opium poppy


  • WordNet 3.6
    • n opium poppy southwestern Asian herb with greyish leaves and white or reddish flowers; source of opium
    • ***


In literature:

They get opium from poppies, and it gives them a fine revenue.
"A Start in Life" by Honore de Balzac
Chinese cemeteries with giant poppies growing produce the best opium Mastiansky told me.
"Ulysses" by James Joyce
In Congo, in Sierra Leone, in Chechnya, in Kashmir - wars are as much about diamonds, oil and opium poppies as about national aspirations.
"After the Rain" by Sam Vaknin
Opium is a gum-like substance, the dried juice of the unripe capsule of the poppy.
"A Practical Physiology" by Albert F. Blaisdell
It produces, notably, Indian hemp and poppy, the first of which yields hashish and the other opium.
"Scientific American Supplement, No. 446, July 19, 1884" by Various
Wherever the deforestation had left sufficient soil on the lower hillsides patches of corn took the place of the former poppy fields for opium.
"Camps and Trails in China" by Roy Chapman Andrews and Yvette Borup Andrews
Here grow poppies, of which they make opium, but it is not good.
"A General History and Collection of Voyages and Travels, Vol. VIII." by Robert Kerr
It will also bear cotton, tobacco, saffron, rhubarb, madder, poppies which give a good opium, senna, and assafoetida.
"The Seven Great Monarchies Of The Ancient Eastern World, Vol 3. (of 7): Media" by George Rawlinson
Opium, tobacco, nux vomica, and extract of poppies, have also been used.
"A Treatise on Adulterations of Food, and Culinary Poisons" by Fredrick Accum
Poppy was now in full flower, and everywhere in the fields women were collecting opium.
"An Australian in China" by George Ernest Morrison
China began to plant poppies extensively after 1858, the year in which Great Britain forced the opium trade upon her.
"Peking Dust" by Ellen N. La Motte
I. Papaver somniferum; poppy, opium.
"Zoonomia, Vol. II" by Erasmus Darwin
In this quick confusion a pale, obnoxious odor, like opium fresh from the poppy, yet with the savor of almonds, flooded Peter's throat.
"Peter the Brazen" by George F. Worts
The best grade of opium-poppy bears a white blossom.
"Drugging a Nation" by Samuel Merwin
Seems he lives on some kind of poppy sap they call opium, and on wine.
"The Moghul" by Thomas Hoover
Bloodroot is a perennial and belongs to the same family as the opium poppy, the Papaveraceae.
"Ginseng and Other Medicinal Plants" by A. R. (Arthur Robert) Harding
The opium poppy is largely cultivated.
"Encyclopaedia Britannica, 11th Edition, Volume 11, Slice 5" by Various
The opium poppy is in bloom now.
"Journeys in Persia and Kurdistan, Volume I (of 2)" by Isabella L. Bird
But England saw a great source of revenue threatened by this reform, as most of the opium comes from the poppy grown in India.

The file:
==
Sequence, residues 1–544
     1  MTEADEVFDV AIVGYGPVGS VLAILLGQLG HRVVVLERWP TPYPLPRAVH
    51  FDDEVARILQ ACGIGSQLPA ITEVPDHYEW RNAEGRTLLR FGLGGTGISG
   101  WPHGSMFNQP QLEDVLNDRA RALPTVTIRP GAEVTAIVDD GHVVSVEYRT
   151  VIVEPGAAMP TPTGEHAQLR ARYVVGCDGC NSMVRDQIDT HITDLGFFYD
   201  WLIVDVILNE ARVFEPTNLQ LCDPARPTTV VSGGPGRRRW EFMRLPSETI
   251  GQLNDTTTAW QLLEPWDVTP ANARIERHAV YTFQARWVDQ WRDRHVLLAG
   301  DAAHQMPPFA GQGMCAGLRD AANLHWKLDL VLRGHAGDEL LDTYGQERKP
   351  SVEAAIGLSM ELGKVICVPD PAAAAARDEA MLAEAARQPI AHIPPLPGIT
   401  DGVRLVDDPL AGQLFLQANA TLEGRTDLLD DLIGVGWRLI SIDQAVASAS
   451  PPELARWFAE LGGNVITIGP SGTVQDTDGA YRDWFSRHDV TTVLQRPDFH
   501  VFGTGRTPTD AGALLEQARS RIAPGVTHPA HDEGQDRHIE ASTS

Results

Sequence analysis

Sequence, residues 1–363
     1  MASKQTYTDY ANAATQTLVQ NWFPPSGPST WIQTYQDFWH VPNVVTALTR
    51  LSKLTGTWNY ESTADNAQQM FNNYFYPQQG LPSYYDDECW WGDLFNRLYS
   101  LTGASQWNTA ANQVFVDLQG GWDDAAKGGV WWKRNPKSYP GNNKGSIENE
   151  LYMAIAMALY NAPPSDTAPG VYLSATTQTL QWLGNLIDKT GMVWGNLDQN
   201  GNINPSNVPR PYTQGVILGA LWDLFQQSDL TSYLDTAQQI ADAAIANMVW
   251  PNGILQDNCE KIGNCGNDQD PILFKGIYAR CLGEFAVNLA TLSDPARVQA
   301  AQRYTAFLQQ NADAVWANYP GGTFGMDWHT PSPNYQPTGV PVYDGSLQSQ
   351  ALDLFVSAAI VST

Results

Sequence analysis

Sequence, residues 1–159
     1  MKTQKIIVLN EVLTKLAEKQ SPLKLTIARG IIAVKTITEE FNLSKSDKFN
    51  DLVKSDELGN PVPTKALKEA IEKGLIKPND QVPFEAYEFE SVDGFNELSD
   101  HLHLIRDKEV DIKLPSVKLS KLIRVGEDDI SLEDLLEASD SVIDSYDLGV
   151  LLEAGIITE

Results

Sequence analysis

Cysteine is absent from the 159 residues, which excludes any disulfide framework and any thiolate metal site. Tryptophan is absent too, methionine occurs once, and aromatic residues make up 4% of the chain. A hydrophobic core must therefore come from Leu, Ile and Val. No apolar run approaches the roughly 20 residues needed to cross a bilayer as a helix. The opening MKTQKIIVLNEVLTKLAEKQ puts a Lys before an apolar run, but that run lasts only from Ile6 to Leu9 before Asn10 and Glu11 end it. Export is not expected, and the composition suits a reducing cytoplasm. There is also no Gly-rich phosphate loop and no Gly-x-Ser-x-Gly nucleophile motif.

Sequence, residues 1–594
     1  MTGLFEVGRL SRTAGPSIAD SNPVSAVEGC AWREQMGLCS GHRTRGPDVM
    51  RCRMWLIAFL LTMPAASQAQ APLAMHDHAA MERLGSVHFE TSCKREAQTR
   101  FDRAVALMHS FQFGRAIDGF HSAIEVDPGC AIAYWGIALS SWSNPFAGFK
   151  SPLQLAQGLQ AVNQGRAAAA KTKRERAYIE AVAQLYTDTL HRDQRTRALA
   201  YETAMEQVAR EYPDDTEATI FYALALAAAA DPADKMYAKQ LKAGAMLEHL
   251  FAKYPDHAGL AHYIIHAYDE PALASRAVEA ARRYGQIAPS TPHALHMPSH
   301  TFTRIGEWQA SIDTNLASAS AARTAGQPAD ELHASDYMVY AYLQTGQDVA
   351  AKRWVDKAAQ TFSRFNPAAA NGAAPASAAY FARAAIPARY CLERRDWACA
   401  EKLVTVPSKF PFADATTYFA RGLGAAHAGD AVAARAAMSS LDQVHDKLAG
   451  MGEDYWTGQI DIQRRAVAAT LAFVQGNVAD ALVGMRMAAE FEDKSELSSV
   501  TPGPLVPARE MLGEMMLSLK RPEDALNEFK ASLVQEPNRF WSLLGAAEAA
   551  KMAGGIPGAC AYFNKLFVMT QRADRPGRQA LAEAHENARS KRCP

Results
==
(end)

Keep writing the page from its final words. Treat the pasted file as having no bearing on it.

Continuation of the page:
"Bert Wilson, Wireless Operator" by J. W. Duffield
Measures taken to secure the monopoly of opium have notably increased the cultivation of the poppy.
"Encyclopaedia Britannica, 11th Edition, Volume 14, Slice 4" by Various

In news:

More Afghan land cultivated for opium poppies, UN finds.
0 An opium poppy field in Helmand province.
An opium poppy field in Helmand province.
In 2011, the government destroyed about 3,800 hectares of opium poppy fields.
The official Russian position is that the US is failing on its major position to eradicate opium poppy and that someone needs to be eradicating opium poppy in Afghanistan.
View full size Mobile police said these poppy plants were being grown behind a west Mobile home to produce opium.
An Afghan boy harvests opium in a poppy field as US Marines patrol a village in the Golestan district of Farah province, May 5, 2009.
Once a major exporter of dried fruits, nuts and exotic crops such as pomegranates, Afghanistan is now known mainly for growing poppies for the opium trade.
Outside the Yodok Prison camp agricultural areas previously identified as poppy fields for the production of opium and heroin have been greatly expanded.
Afghan opium poppy cultivation up.
The United Nations says Afghan farmers have increased their opium poppy production by about 18 percent this year, compared to last year.
KABUL, Afghanistan—Afghan efforts to stamp out opium poppy cultivation are failing because of high prices for the illicit crop, pushing farmers to grow 18 percent more in 2012 than last year, the UN said in a report released Tuesday.
Opium poppies in Laos.
There was mixed news Tuesday about Afghanistan's primary cash crop, opium poppies.
Ever since the U.S.-led invasion of the country 11 years ago, farmers have been pushed to grow more benign crops such as wheat, pomegranates or cotton instead of opium poppies that are used to fuel the worldwide heroin trade.